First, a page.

Twenty dollars. That’s how much, Jet.com, the company Walmart acquired in August 2016, is estimated to have lost on every fresh food delivery in New York City, which explains why it is closing down the service.
In a business with tight margins, such as large-scale distribution, just the idea of losing $20 on every order sounds absolutely insane, if not suicidal. What led Jet.com and its parent company, Walmart, to try to run such a service for years under such conditions? The answer is very simple: the competition. In distribution, it is hard to change customers’ habits, so it’s worth investing in trying to win their loyalty.
In New York, the fight between FreshDirect or AmazonFresh is bare knuckle stuff: in the same period Jet.com has taken to realize the impossibility of the task, AmazonFresh, hoping to stimulate growth, has dropped the $14.99 monthly supplement it had charged for home delivery, integrated its own logistics and has even announced it is going into competition with itself by opening another network of food stores.
Is Amazon invincible? Does it have some secret weapon that allows it to make money where others can’t? Or simply, because of its size, its stock market behavior and the characteristics of its investors, it believes it can win this war of attrition and endure losses for longer? I don’t have the answer. But what I do believe is that in markets such as New York, the big retailers’ bid to dominate the online market has triggered a race to the bottom, the consequences of which are not only hitting these players’ profitability, but also smaller establishments: “This space available” posters are now a feature of the New York landscape. How does a neighborhood grocery store compete with establishments prepare to burn a twenty-dollar bill every time they get a delivery?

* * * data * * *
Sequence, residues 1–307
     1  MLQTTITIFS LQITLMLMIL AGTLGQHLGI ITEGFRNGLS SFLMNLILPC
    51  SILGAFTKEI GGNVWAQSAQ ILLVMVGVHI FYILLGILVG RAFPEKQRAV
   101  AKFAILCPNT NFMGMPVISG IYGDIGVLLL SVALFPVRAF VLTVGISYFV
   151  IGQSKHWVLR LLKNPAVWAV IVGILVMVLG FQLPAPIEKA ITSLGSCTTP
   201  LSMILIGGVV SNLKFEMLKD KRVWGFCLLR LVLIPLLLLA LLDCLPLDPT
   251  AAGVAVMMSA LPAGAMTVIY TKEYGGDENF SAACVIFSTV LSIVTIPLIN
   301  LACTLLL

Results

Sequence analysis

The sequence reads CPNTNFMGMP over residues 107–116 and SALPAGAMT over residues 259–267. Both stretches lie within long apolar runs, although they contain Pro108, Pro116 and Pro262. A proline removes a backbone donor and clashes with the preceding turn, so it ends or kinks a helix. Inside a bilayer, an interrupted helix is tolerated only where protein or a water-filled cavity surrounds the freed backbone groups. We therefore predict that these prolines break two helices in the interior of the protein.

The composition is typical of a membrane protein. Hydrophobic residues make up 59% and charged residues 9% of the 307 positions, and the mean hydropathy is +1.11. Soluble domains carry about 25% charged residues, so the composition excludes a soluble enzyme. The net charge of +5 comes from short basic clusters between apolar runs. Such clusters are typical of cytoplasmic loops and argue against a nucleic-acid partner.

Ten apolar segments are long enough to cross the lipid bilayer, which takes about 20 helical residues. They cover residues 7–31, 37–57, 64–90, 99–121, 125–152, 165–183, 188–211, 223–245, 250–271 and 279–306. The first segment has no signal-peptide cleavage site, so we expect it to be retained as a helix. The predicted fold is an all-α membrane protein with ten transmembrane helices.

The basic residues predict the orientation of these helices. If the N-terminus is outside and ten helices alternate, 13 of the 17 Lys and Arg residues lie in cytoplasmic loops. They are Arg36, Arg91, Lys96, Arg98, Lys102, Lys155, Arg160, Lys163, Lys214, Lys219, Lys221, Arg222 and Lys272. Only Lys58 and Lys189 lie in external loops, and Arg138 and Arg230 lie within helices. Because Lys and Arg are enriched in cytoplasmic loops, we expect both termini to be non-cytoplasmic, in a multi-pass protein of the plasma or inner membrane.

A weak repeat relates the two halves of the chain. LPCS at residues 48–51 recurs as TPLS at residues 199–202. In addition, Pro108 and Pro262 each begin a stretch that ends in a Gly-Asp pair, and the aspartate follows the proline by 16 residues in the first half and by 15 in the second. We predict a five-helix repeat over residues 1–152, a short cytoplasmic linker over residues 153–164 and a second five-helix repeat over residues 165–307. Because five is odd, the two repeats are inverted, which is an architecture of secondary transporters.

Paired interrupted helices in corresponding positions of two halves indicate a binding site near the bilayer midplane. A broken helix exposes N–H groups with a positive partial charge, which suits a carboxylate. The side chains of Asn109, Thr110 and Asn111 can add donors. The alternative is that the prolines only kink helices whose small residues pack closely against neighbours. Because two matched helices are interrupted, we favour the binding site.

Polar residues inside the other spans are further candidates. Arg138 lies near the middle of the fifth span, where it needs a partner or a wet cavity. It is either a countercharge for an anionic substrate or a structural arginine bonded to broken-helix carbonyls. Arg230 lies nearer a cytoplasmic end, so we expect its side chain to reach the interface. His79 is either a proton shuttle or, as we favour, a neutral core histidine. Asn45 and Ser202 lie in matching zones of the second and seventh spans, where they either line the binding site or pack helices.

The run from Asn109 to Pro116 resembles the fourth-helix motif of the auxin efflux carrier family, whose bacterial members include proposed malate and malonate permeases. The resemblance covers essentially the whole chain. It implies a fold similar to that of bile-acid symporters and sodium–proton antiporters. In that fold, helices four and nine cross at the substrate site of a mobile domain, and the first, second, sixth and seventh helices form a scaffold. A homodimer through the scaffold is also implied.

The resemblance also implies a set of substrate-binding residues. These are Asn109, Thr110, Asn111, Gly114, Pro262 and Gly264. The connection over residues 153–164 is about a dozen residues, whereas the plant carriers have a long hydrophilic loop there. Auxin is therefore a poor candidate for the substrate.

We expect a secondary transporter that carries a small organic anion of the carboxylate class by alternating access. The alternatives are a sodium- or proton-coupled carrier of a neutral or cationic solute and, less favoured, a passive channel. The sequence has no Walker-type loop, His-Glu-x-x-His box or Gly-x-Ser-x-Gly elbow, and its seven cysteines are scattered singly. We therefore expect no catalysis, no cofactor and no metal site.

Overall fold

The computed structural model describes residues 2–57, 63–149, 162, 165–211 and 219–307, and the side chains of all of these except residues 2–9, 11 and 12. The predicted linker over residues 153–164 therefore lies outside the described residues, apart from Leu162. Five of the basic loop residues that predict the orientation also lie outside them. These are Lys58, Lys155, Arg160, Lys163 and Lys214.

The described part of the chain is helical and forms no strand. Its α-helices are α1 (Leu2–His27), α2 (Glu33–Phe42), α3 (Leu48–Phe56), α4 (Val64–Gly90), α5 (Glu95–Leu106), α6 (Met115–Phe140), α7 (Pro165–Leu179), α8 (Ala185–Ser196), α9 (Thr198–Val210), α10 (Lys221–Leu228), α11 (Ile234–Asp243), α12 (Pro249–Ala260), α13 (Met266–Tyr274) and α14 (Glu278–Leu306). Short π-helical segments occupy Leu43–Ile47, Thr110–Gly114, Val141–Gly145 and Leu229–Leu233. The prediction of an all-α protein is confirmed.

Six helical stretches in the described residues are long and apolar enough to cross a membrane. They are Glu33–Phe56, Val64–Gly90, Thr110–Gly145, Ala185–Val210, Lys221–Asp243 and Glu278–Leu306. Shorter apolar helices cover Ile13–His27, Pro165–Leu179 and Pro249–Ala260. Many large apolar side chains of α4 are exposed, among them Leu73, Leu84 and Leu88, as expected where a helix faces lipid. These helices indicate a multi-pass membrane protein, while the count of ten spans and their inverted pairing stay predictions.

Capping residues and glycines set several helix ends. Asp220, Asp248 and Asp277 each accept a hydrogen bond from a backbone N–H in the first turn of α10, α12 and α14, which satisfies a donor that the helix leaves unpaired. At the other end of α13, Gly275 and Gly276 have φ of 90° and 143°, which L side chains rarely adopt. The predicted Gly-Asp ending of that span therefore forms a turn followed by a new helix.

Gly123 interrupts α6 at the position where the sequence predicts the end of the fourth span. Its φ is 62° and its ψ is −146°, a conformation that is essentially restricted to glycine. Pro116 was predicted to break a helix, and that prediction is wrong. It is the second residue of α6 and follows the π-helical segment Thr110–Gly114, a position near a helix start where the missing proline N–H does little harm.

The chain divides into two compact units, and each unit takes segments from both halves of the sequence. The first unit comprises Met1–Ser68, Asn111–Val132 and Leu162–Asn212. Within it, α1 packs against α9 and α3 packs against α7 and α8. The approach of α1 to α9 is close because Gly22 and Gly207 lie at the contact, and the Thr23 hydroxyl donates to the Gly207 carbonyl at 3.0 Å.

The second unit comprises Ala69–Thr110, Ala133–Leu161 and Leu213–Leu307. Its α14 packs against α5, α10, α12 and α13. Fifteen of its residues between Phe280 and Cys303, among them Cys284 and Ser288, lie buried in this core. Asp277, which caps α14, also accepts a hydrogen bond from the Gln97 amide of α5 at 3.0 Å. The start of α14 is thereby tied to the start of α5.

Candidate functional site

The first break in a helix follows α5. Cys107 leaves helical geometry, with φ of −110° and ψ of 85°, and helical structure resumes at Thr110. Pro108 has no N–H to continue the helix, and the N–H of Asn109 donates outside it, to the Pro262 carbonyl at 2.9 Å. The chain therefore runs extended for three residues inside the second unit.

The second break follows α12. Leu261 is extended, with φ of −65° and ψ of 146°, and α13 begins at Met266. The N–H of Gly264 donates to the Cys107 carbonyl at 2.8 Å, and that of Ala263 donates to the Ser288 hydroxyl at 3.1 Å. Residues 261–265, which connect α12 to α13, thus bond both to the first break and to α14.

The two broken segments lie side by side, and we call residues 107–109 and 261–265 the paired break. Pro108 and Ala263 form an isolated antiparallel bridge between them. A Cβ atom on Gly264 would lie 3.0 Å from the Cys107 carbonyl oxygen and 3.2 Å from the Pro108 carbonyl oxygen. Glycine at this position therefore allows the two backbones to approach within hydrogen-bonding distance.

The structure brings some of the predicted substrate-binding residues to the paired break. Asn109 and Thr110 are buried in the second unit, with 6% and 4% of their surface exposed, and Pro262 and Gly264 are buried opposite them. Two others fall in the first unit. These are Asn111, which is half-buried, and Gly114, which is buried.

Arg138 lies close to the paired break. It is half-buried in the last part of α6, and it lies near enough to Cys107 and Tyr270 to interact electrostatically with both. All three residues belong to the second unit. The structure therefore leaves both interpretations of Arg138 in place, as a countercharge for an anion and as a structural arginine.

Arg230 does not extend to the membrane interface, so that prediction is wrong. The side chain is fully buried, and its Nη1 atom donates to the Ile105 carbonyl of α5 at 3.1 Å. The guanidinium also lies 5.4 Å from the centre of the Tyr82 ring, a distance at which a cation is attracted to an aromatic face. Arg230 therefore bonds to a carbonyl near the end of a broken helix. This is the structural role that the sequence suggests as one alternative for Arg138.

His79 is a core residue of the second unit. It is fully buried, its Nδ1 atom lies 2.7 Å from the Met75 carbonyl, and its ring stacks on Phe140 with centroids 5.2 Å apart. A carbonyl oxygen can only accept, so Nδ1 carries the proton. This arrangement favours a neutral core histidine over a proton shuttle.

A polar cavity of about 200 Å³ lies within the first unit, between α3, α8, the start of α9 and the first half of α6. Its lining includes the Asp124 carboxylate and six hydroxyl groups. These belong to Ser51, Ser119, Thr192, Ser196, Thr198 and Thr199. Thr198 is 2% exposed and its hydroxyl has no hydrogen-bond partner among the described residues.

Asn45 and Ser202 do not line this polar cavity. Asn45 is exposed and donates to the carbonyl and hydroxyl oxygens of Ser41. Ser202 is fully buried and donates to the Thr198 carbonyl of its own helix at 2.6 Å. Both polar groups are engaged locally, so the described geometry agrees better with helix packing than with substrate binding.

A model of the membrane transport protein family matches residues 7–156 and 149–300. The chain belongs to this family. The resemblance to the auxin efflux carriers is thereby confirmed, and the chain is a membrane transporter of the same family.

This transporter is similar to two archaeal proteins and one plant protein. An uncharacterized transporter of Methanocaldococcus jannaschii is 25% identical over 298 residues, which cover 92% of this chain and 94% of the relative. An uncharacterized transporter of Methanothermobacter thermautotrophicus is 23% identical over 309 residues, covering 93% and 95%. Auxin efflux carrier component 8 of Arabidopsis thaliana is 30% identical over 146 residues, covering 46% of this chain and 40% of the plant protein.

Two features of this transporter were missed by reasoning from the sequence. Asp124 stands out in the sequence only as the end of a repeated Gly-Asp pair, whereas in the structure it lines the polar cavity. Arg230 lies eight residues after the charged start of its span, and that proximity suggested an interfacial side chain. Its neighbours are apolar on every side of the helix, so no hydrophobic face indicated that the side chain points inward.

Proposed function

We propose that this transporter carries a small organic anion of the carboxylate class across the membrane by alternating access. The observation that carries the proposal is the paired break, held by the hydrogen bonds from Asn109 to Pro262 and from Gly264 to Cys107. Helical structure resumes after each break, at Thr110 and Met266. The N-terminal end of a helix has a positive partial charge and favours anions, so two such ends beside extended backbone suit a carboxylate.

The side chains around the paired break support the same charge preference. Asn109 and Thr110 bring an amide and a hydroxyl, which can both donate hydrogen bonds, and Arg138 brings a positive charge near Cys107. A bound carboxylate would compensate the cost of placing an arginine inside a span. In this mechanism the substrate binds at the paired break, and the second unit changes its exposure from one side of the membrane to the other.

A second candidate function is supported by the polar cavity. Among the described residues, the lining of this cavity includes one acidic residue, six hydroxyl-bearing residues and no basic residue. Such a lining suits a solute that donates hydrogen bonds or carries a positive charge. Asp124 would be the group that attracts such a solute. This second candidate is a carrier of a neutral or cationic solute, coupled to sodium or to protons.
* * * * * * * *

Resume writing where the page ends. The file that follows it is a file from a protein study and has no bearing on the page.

We all know the consequences of these kinds of race to the bottom: the winner takes all and ends up controlling the market. This may not make that winner master of the universe, but if the losses incurred are actually part of a much larger accounting landscape in which consolidation generates an undoubtedly positive outlook, then there is money to be made.
In distribution, whatever the type, the factors in the equation are increasingly clear: take a walk around your neighborhood and compare the number of traditional establishments to the large chains able to impose brutally efficient logistics and run at a loss in the race to the bottom. In New York, the impact is already visible, marking an increasingly clear and unstoppable shift in consumer habits, thanks to implacable mathematics. The multiplier effect of the internet, or just another sign of the times?